chronic%20myeloid%20leukemia
CHRONIC MYELOID LEUKEMIA

Chronic myelogenous leukemia (CML) is a malignant myeloid disorder characterized by the presence of a distinctive cytogenetic abnormality known as the Philadelphia chromosome.

Exposure to ionizing radiation is the only known risk factor with median presentation at age >50 years old.

Three phases of the disorder are chronic, accelerated and blast.

Choice of therapy is influenced by age, availability of a donor, comorbidities and phase of CML.

Hematopoietic Stem Cell Transplantation (HSCT)

  • Patients are first treated with a preparative or conditioning regimen (eg chemotherapy or radiation therapy or both) followed by infusion of hematopoietic progenitor/stem cells
  • Parameters for HCT application depends on the patient’s disease and stage of the disease, cell donor and the source of the progenitor cells

Allogeneic Hematopoietic Stem Cell Transplantation (Allo-HCT)

  • The indications and outcomes of allo-HCT will depend on the age and comorbidities of the patient, donor type and transplant center
  • Progenitor cells are collected from healthy persons and are used to treat hematologic neoplasms, nonmalignant marrow disorders (eg acquired and inherited), and inborn errors of metabolism
  • First-line treatment option for patients diagnosed with BP-CML at initial evaluation
  • May be considered in CP-CML patients deemed cytogenetically and molecularly unresponsive to multiple TKI therapy or those with T315I mutation unresponsive to Ponatinib therapy
  • May be considered in patients with AP unresponsive to TKI therapy, BP following induction of TKI, relapsed disease, resistant to multiple TKIs and intolerant to TKI

Monitoring Response with Allo-HCT

  • A qPCR assay that is positive ≥18 months after transplant is associated with a lower risk of relapse compared to those with positive qPCR assay at 6-12 months post-transplant
  • In a patient with prior accelerated or blast phase CML who attained complete cytogenetic response (CCyR) and is negative for BCR-ABL1, TKI therapy for at least 1 year should be considered
  • In a patient who attained CCyR who is positive for BCR-ABL1 or patients not in CCyR or is in relapse, options to undergo treatment with TKIs with or without donor lymphocyte infusion (DLI) or Omacetaxine, or may be enrolled in a clinical trial should be discussed

Management of Post-transplant Relapse

  • Donor lymphocyte infusion (DLI)
    • Induces effective durable molecular remissions in patients with relapsed CML following allo-HCT
      • The probability of survival at 3 years is better
    • More effective in patients with chronic phase relapse
    • Complications such as graft-vs-host disease (GVHD), susceptibility to infections and immunosuppression may develop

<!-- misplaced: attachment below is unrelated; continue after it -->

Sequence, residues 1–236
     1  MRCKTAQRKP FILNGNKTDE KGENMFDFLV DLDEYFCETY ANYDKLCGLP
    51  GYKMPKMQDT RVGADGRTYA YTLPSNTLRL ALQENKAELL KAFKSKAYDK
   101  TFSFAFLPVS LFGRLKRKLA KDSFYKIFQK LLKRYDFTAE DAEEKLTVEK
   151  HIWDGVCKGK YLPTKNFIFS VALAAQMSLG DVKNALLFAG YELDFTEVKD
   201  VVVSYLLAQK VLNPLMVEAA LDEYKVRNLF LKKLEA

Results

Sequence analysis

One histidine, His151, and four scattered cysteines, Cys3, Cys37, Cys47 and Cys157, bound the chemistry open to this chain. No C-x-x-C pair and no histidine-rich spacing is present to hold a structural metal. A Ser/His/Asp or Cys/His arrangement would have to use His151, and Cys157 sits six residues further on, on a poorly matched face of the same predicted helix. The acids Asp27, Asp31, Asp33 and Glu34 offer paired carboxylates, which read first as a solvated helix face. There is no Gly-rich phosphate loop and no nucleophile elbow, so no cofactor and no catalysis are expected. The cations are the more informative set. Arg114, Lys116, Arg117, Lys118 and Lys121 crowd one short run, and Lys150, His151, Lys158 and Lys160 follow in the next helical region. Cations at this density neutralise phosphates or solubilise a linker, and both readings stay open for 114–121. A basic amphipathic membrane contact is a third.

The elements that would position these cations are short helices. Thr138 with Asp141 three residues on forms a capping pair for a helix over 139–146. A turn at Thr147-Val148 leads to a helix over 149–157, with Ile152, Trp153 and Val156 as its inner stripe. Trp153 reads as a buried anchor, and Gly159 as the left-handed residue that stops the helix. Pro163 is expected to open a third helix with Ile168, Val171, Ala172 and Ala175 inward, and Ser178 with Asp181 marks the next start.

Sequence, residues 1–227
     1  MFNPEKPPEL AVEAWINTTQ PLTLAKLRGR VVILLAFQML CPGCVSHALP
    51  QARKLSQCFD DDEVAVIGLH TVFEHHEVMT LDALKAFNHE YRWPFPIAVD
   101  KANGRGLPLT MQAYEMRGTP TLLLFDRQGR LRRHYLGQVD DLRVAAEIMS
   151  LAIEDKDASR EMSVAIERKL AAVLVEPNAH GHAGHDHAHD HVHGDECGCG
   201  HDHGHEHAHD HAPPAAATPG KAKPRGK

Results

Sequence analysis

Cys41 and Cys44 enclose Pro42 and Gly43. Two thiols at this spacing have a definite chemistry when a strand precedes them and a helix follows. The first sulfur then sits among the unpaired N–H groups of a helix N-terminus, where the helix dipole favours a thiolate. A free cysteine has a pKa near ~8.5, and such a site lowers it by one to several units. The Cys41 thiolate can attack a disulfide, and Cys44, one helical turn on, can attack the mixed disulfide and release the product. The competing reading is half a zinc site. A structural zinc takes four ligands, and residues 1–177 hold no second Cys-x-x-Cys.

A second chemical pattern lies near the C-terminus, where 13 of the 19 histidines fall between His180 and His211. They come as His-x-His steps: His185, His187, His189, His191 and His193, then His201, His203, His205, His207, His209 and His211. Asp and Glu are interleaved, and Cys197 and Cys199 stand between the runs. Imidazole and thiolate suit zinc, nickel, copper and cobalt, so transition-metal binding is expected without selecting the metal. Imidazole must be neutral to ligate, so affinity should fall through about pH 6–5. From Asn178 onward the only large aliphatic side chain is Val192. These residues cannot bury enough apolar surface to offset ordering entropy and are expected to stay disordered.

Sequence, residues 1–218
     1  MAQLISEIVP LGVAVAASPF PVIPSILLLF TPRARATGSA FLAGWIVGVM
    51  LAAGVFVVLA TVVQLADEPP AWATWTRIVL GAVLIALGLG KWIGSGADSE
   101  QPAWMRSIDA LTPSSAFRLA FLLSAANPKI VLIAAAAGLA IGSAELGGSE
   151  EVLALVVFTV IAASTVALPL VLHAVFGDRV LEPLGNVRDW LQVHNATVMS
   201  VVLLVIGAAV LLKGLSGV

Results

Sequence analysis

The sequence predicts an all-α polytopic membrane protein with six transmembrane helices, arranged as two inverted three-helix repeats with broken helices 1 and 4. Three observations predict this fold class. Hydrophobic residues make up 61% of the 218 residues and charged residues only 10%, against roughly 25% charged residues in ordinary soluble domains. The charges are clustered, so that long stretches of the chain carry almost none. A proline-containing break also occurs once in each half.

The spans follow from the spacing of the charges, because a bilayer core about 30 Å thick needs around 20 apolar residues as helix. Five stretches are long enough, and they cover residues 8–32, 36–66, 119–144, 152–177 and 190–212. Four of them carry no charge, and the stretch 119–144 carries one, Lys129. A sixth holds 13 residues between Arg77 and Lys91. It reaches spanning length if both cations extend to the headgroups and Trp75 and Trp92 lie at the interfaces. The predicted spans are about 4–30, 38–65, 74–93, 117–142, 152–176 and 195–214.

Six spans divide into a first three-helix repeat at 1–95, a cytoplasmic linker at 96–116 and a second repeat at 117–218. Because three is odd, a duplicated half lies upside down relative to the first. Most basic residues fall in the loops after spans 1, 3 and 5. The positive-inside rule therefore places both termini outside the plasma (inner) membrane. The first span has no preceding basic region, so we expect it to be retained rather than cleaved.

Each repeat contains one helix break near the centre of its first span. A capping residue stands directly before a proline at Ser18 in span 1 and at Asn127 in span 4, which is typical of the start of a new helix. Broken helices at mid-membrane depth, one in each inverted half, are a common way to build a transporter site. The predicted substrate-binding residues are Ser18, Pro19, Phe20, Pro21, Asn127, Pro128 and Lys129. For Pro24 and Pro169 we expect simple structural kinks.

• Ways on how to reduce the incidence of GVHD:
      • Improve the methods that detects BCR-ABL1 transcripts
      • Develop reduced-intensity conditioning regimens
      • Modify the delivery of lymphocytes with the depletion of CD8+ cells
      • Escalate cell dosage regimen
      • Very low-dose DLI and IFN-alpha combination may help reduce GVHD
  • Imatinib
    • Induces durable remissions in patients with relapse in all phases of CML following allo-HCT
Digital Edition
Asia's trusted medical magazine for healthcare professionals. Get your MIMS Oncology - Malaysia digital copy today!
Sign In To Download
Editor's Recommendations
Most Read Articles
6 days ago
Regular practice of yoga postures confers benefits for glucose control, oxidative stress, inflammatory response, and sleep quality in patients with type 2 diabetes, a study has found.
01 Dec 2020
Tetanus toxoid 5 Lf, diphtheria toxoid 2 Lf, pertussis toxoid 2.5 mcg, filamentous haemagglutinin 5 mcg, fimbriae types 2 and 3 5 mcg, pertactin 3 mcg
Dr. Hsu Li Yang, Dr. Tan Thuan Tong, Dr. Andrea Kwa, 08 Jan 2021
Antimicrobial resistance has become increasingly dire as the rapid emergence of drug resistance, especially gram-negative pathogens, has outpaced the development of new antibiotics. At a recent virtual symposium, Dr Hsu Li Yang, Vice Dean (Global Health) and Programme Leader (Infectious Diseases), NUS Saw Swee Hock School of Public Health, presented epidemiological data on multidrug-resistant (MDR) gram-negative bacteria (GNB) in Asia, while Dr Tan Thuan Tong, Head and Senior Consultant, Department of Infectious Diseases, Singapore General Hospital (SGH), focused on the role of ceftazidime-avibactam in MDR GNB infections. Dr Andrea Kwa, Assistant Director of Research, Department of Pharmacy, SGH, joined the panel in an interactive fireside chat, to discuss challenges, practical considerations, and solutions in MDR gram-negative infections. This Pfizer-sponsored symposium was chaired by Dr Ng Shin Yi, Head and Senior Consultant of Surgical Intensive Care, SGH.
09 Jan 2021
Women with central adiposity, regardless of menopausal status, are at risk of developing breast cancer, according to a study.